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Is this a good deal?

Discussion in 'Basses [BG]' started by Alvaro Martín Gómez A., Mar 20, 2006.

  1. Alvaro Martín Gómez A.

    Alvaro Martín Gómez A. TalkBass' resident Bongo + cowbell player

    Hi everybody.

    Just wanted to know your opinion on this deal: A friend wants my Carvin BB75 and he says that he can give me the equivalent to US $800 right now. I bought that bass factory direct in September 2000 and it costed me US $924 plus shipping, but unfortunately, at the time I didn't know anybody who could bring it here without paying such high custom taxes, so I had to pay an extra 26% of that value. The bass is in mint condition and I'm not playing it anymore since I got my Bongo. Of course I know that the market is very different here for sure, but anyway I'd like to know what do you think of my friend's offering. Here's the bass:


    Thank you in advance for your input! :)
  2. Tony G

    Tony G

    Jan 20, 2006
    I think $800 for that bass used is a very good deal. Since carvins are sold factory direct, they tend to lose their value on the used market. I would say if you are looking to sell the bass, that price is very reasonable.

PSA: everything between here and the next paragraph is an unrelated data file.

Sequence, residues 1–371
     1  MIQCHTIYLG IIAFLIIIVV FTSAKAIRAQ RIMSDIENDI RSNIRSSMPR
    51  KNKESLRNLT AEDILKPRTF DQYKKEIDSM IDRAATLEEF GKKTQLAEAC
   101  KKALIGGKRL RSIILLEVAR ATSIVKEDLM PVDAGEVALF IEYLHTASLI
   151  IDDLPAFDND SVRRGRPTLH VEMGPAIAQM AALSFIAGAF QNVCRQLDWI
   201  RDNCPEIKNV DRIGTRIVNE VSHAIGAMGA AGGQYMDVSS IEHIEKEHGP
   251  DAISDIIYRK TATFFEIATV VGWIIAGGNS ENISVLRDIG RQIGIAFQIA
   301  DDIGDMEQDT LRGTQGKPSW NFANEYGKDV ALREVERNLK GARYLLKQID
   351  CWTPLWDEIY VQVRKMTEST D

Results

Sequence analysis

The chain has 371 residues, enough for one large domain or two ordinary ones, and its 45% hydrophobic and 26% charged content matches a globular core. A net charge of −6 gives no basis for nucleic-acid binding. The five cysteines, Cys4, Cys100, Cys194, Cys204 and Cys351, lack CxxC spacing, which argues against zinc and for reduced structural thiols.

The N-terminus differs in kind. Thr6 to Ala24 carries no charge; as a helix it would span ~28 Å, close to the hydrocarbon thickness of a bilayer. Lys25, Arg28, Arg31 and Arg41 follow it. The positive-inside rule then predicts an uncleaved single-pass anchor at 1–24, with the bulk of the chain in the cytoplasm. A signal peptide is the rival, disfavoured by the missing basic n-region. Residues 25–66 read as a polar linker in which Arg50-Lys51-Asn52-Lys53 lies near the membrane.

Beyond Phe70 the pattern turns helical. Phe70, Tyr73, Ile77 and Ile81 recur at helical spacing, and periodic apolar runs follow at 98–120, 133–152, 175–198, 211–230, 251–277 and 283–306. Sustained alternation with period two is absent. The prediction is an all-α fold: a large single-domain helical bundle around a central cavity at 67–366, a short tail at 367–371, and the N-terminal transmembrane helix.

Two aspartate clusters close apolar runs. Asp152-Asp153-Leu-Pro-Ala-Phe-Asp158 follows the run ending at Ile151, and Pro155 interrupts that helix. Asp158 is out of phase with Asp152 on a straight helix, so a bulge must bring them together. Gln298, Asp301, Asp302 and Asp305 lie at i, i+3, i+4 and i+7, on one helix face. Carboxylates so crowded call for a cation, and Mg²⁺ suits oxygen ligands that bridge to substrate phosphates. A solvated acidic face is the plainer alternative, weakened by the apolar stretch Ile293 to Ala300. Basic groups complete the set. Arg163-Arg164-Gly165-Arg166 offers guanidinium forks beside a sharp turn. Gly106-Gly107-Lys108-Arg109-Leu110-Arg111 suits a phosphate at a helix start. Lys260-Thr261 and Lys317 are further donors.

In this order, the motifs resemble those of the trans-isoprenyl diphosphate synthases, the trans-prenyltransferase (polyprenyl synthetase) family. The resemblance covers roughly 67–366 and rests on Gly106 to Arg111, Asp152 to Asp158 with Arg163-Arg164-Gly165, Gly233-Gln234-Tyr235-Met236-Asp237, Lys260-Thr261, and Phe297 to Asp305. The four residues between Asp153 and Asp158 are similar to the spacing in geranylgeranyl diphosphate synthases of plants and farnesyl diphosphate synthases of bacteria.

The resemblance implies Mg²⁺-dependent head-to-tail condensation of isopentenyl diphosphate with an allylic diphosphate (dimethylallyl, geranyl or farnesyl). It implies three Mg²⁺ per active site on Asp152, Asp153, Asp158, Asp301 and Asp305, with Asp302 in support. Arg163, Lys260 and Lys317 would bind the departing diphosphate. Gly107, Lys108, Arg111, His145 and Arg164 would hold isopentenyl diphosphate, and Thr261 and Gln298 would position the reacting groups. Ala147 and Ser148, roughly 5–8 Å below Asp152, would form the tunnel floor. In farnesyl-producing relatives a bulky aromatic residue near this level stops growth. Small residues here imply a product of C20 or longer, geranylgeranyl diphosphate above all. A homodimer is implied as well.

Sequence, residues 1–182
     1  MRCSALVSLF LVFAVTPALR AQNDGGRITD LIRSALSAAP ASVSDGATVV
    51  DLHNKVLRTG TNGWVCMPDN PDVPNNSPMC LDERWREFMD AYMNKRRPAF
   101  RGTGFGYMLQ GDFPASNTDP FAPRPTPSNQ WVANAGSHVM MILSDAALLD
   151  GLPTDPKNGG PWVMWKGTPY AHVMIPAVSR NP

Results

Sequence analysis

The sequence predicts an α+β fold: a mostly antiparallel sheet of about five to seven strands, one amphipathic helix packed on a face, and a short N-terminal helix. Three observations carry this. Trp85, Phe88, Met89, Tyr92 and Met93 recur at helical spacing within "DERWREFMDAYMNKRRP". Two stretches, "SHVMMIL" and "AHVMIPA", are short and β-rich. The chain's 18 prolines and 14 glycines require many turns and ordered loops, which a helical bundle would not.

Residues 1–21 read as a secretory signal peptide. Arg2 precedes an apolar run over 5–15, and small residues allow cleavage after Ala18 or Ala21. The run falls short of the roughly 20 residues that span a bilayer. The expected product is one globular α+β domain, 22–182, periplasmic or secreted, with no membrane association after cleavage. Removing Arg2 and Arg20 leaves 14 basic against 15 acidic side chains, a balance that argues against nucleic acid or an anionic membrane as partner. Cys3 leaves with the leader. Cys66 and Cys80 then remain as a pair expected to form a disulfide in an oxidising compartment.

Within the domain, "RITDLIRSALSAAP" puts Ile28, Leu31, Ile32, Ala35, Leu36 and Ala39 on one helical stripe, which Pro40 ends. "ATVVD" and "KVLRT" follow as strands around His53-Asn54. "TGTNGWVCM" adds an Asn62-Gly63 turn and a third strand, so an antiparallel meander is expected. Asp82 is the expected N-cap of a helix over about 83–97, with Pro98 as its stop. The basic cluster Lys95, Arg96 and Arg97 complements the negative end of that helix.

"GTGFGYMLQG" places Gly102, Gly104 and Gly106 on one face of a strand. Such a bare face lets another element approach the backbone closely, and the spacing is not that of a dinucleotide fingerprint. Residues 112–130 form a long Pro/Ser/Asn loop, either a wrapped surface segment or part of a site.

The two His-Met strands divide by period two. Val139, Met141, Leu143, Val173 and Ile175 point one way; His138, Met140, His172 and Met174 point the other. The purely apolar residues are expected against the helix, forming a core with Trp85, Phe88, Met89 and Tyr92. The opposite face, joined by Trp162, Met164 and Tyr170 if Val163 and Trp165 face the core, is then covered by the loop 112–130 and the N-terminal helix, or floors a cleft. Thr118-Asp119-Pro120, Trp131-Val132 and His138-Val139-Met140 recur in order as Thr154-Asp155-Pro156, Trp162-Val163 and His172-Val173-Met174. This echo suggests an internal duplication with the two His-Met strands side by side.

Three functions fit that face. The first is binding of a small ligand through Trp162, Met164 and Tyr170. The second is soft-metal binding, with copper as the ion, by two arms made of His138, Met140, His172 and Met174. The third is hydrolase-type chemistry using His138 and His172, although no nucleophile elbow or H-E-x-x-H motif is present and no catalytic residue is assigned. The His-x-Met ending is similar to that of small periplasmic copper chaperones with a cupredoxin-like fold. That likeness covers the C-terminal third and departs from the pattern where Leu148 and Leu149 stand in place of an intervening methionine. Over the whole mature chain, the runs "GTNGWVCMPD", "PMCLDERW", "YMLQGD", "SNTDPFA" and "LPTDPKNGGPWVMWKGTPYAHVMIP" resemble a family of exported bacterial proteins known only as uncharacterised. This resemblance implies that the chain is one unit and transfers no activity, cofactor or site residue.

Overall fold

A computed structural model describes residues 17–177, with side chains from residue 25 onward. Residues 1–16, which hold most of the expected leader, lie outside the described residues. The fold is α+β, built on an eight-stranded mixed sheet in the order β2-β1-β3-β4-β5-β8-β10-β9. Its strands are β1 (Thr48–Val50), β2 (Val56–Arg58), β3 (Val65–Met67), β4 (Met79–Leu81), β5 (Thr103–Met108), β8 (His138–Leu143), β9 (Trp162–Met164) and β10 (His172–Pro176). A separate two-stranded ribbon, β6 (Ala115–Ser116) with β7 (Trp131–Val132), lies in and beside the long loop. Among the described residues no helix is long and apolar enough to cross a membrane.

3. I agree. That seems like a fair used price.
  4. Alvaro -

    That's a very fair price -- if I were you, I'd do the deal right away.

    JUst out of curiousity, how do you like the bass? How does it compare to your Bongo tone-wise, and feel-wise?
  5. Alvaro Martín Gómez A.

    Alvaro Martín Gómez A. TalkBass' resident Bongo + cowbell player

    It's a nice bass. I like how it plays and sounds, but the Bongo is way much superior. The only point I can say the Carvin surpasses the Bongo is the access to the 24th fret, which is incredibly comfortable. I was working on arrangements of some of J.S. Bach's two-part inventions trying to take advantage of the bass' highest register and I had to change some 24th fret fingerings from pinky to ring for playing them in my Bongo.

    There are other great things about the Carvin like the wide string spacing, the ebony fingerboard and the assymetrical neck, but the Bongo is simply a beast that cannot be beaten by any other mass produced bass (in my opinion, of course). Both the Carvin and the Bongo are versatile basses (something very important to me), but character is the word I'd use to differentiate them. And one thing's for sure: No matter if I ever get the Rolls-Royce of the basses, I will never sell my Bongo. No other instrument has satisfied me the way this one has done.

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